Youth Council: ‘Hammer of Pandemic Unemployment Payment (PUP) cuts falling heaviest on young workers’
- 6 out of 10 young people on lower rates (€203 and €250), compared with almost two-thirds of older workers are on the highest rate of €300.
- Call to restore those who lost their job as a result of the pandemic to highest rates or invest in significant youth employment measures
Government must either restore young people to the higher PUP rate or deliver a massive jobs support package for young jobseekers in Budget 2021 to address our 36.5% youth unemployment rate. That’s according to the National Youth Council of Ireland (NYCI) – which represents organisations working with over 380,000 young people nationwide.
Analysis undertaken by NYCI of fresh data provided by the Department of Employment Affairs and Social Protection (DEASP) indicates that almost a third (32%) of young people under 25 are now on the lowest rate of PUP payment of €203 compared to a fifth (20%) of recipients over 25. Overall, almost 6 out of 10 (58%) young people under 25 are on the two lower rates of €203 and €250. In comparison, almost two-thirds of older workers are on the highest rate of €300. 
Restore those who lost their job as a result of the pandemic to highest rates
Reacting to the figures James Doorley, NYCI Deputy Director, said: “We are calling on the Government to either restore all those who lost their job as a result of the pandemic to the highest rates or alternatively deliver a massive injection of funds in education, training and access to apprenticeships in Budget 2021 to counteract the impact of the pandemic on the employment and future career prospects of young people.
“With 36.5% youth unemployment, young people comprising 21% of those on the PUP (despite only making up 11% of the workforce), a further 28,777 young people on the live register, the pandemic has hit the employment prospects of young people hard.
“And from our analysis the cuts brought in by Government in recent weeks are a further hammer blow falling disproportionately on the young. It is important to remember that all the young people on the PUP now had a job in March, and for very good public health reasons Government took measures to protect us all from the pandemic, instituted measures which led to young people leaving employment temporarily and now 6 months losing those jobs.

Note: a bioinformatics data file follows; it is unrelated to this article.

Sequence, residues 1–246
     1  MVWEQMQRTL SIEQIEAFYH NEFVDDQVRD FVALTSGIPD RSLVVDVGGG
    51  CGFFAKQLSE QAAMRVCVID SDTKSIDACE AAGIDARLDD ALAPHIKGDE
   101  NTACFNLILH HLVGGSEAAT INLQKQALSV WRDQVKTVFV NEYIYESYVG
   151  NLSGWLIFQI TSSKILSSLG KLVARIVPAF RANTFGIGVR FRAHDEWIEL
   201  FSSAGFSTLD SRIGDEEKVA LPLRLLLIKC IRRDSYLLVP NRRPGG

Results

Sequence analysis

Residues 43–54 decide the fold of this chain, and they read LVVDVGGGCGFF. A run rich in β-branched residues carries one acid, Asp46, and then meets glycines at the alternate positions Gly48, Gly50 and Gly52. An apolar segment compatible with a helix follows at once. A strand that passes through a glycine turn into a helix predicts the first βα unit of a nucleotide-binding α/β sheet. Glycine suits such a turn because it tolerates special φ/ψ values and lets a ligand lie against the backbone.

“Therefore, the Government has a duty to either put young people on the higher rate of PUP or alternatively provide a large investment in education, training, career guidance and the roll out of a national access to apprenticeship scheme in the Budget next week to give young people hope and alternatives in the coming months.
“We are facing into a grim period for young people on the employment front with the traditional option of emigration now also largely closed off. It is vital that we provide the young people who lost their jobs in March – and who are unlikely to return to those old positions – opportunities and supports to enhance their skills, retrain and look at new and alternative career options. We cannot afford to abandon them to the corrosive social virus of long-term unemployment,” concluded Mr Doorley.
In its pre-budget 2021 submission ‘Providing the Pathway’ published this week, the NYCI detailed a range of costed measures to better tackle the issues facing Ireland’s youth. It looks at support for voluntary youth organisations, employment, social protection supports, measures to tackle youth homelessness and climate justice.
For further information, please contact Daniel Meister, Communications Manager at NYCI on 01 425 5955 or 087 781 4903 or email email@example.com
National Youth Council of Ireland
The National Youth Council of Ireland is a membership-led umbrella organisation that represents and supports the interests of voluntary youth organisations and uses its collective experience to act on issues that impact on young people.
Analysis of Pandemic Unemployment Payment October 2020
|Rate of PUP||Under 25 Nos||Under 25 %||Over 25 Nos||Over 25s %|
 Parliamentary Questions 535 and 536, Tuesday, October 6th 2020 https://www.oireachtas.ie/en/debates/question/2020-10-06/535/#pq_535